Apparently concerned about a possible revolt among the ranks of his Likud party if he fails to form a government, Prime Minister Benjamin Netanyahu has reportedly scheduled a meeting this week with heads of local branches of the party.
Netanyahu was formally tasked last week with forming a new government following the March 23 elections, which failed to produce a clear winner. The Likud chief was endorsed by 52 lawmakers, the most of any Knesset member but short of a majority in the 120-seat parliament.
To reach a majority, Netanyahu needs the support of Yamina leader Naftali Bennett, who he met with Thursday. However, even with Yamina’s seven seats, Netanyahu would still be two seats shy of a majority.
Multiple — and mostly improbable — scenarios have been floated on how to reach the magic number of 61, including relying on outside support from the Islamist Ra’am party (Netanyahu’s allies in the far-right Religious Zionism party have rejected such a prospect), trying to recruit “defectors” from other parties, and trying to get Gideon Sa’ar’s New Hope party to join such a coalition despite its key campaign promise not to join a Netanyahu-led government.
The right-wing New Hope, however, hasn’t ruled out Likud as a party, giving rise to scenarios in which Netanyahu relinquishes power and becomes either president or alternate prime minister, enabling Sa’ar’s party to join and form a right-wing majority coalition headed by another Likud member.
The Walla news site reported Saturday that Netanyahu is afraid that senior Likud lawmakers could try to form a government headed by someone else if he doesn’t succeed in the task himself.
The report cited senior Likud members saying they learned about the upcoming meeting with local branch heads from media reports.
The unnamed officials also estimated that the meeting is meant as a display of power aimed at deterring Likud officials from trying to undermine Netanyahu’s leadership.
Netanyahu met last week with Bennett, with the meeting taking place at the prime minister’s official residence for the first time, after the Yamina chairman was regarded as a persona non grata there for over a decade.
Channel 12 news reported Friday that Bennett has agreed to rotate the premiership with Netanyahu in a government backed by Ra’am, but only if the Religious Zionism leader Bezalel Smotrich is on board. The network, which did not cite a source, said however that Likud sources were denying Yamina’s assertion that Netanyahu made Bennett such an offer.
The channel said another proposal being bandied about was to get Bennett and Ra’am to vote in favor of a Netanyahu-led government that would then be swiftly dissolved, leading to new elections. The aim of such a vote would be to boot Blue and White ministers from the current transition government and prevent Defense Minister Benny Gantz from becoming prime minister in November — as agreed last year under his power-sharing deal with Netanyahu — if no new coalition is formed by then.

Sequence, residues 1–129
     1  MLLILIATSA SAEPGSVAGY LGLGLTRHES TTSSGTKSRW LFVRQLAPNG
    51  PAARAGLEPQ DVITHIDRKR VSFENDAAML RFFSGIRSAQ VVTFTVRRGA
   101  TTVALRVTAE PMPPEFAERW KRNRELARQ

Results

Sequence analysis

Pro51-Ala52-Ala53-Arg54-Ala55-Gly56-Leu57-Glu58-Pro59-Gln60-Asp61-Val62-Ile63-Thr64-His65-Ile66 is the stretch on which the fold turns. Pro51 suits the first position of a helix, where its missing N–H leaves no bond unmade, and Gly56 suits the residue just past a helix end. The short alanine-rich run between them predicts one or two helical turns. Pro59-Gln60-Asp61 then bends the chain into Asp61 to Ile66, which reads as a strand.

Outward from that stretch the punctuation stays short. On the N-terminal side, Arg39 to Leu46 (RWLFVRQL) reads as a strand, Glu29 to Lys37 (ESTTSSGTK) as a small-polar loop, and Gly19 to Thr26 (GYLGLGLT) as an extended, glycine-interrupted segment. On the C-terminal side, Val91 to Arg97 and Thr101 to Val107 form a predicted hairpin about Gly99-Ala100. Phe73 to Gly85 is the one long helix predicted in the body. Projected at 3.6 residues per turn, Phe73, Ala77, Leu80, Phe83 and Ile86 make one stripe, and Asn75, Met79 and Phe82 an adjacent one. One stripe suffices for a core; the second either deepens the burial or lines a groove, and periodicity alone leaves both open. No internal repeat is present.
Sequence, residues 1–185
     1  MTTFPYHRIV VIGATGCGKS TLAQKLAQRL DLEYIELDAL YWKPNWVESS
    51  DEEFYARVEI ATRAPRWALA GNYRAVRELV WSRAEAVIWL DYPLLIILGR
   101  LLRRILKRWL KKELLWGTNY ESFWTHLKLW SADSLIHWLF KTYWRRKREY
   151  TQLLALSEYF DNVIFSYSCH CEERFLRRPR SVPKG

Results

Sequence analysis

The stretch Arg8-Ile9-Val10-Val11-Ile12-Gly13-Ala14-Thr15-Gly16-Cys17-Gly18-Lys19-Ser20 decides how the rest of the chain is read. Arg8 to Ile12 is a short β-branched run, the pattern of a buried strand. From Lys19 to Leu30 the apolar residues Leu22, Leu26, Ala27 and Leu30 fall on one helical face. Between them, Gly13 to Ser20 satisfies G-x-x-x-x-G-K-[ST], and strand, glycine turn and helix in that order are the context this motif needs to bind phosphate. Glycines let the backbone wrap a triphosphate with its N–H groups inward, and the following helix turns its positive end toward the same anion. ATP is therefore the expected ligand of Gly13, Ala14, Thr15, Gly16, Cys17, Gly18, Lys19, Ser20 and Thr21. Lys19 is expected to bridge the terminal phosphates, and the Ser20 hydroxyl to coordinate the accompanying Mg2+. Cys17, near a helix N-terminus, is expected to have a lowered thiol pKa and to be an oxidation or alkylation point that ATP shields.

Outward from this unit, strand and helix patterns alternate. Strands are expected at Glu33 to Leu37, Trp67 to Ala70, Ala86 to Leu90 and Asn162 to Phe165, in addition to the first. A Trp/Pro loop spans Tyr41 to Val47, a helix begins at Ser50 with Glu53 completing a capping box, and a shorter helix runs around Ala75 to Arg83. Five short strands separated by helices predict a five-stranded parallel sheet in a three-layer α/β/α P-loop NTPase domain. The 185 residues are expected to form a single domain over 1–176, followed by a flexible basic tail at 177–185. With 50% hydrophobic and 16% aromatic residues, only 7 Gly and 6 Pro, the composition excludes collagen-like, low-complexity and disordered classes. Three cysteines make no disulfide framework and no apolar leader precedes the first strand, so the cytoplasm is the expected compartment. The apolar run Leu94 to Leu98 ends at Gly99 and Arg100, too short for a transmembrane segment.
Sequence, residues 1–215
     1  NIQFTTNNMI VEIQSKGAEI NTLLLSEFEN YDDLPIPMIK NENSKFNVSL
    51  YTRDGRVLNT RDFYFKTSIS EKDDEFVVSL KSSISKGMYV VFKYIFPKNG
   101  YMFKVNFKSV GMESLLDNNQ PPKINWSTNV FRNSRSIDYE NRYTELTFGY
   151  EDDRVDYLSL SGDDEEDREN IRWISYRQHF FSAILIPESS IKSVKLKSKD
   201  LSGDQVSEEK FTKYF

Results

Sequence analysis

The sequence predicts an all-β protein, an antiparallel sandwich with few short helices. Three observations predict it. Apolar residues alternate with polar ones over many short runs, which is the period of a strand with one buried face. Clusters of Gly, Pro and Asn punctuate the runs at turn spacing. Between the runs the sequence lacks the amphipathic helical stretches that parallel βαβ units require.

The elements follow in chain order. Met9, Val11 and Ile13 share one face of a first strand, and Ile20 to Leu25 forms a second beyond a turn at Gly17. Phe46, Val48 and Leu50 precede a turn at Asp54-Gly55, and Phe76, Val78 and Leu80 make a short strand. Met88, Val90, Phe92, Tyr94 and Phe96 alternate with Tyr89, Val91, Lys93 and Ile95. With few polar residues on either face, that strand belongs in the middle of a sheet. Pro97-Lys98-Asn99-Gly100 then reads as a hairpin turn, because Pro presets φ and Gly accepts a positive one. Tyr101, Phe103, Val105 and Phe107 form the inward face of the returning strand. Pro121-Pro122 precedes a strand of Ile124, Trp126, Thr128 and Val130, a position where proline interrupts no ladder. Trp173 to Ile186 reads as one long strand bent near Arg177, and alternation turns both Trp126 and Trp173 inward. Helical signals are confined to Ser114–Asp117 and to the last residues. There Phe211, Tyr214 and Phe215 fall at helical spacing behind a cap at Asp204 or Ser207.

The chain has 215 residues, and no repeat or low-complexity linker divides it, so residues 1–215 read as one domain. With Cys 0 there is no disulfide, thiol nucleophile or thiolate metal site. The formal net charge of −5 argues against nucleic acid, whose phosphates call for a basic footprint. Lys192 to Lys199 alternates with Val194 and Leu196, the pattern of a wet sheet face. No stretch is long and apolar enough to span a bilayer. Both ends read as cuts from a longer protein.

It also claimed that despite all the machinations, Netanyahu believes that Bennett is only going through the motions with him and has already decided to join forces with opposition chief Yair Lapid.
Another proposal cited in the Channel 12 report would see Netanyahu step down as premier and take the position of alternate prime minister, but remain in the Prime Minister’s Residence in Jerusalem while Bennett or someone else in Likud becomes premier. The network gave no further details on the proposal and it was unclear how the arrangement would work or if it was legally permitted.
The position of alternate prime minister was created to facilitate the coalition agreement between Netanyahu and Gantz that imploded last year.
Separately, Channel 13 news said Bennett told Netanyahu that he was okay with the Likud leader serving first as premier for a year, after which he would take over as prime minister for two years, before handing the reins back to Netanyahu for a final year.
The network, which similarly did not cite any sources, said Bennett also told Netanyahu that he will take up Lapid’s offer to be first in a rotation deal if the Likud chief fails to form a government.
If Netanyahu does not succeed in forming a government within 28 days, the president can either task a second person with the attempt (for another period of 28 days and a possible additional 14), or send the mandate back to the Knesset, giving the legislature 21 days to agree on a candidate supported by 61 MKs.
If the president appoints a second person and that person also fails to assemble a coalition, the mandate automatically returns to the Knesset for the 21-day period. During that time, any MK is eligible to attempt to form a government.
Rivlin has intimated he may not give the mandate to a second candidate if Netanyahu fails, but rather immediately send it back to the Knesset.
At the end of the 21-day period, if no candidate has been agreed upon by 61 MKs, the new Knesset automatically disbands and the country heads to yet another election, the fifth in under three years.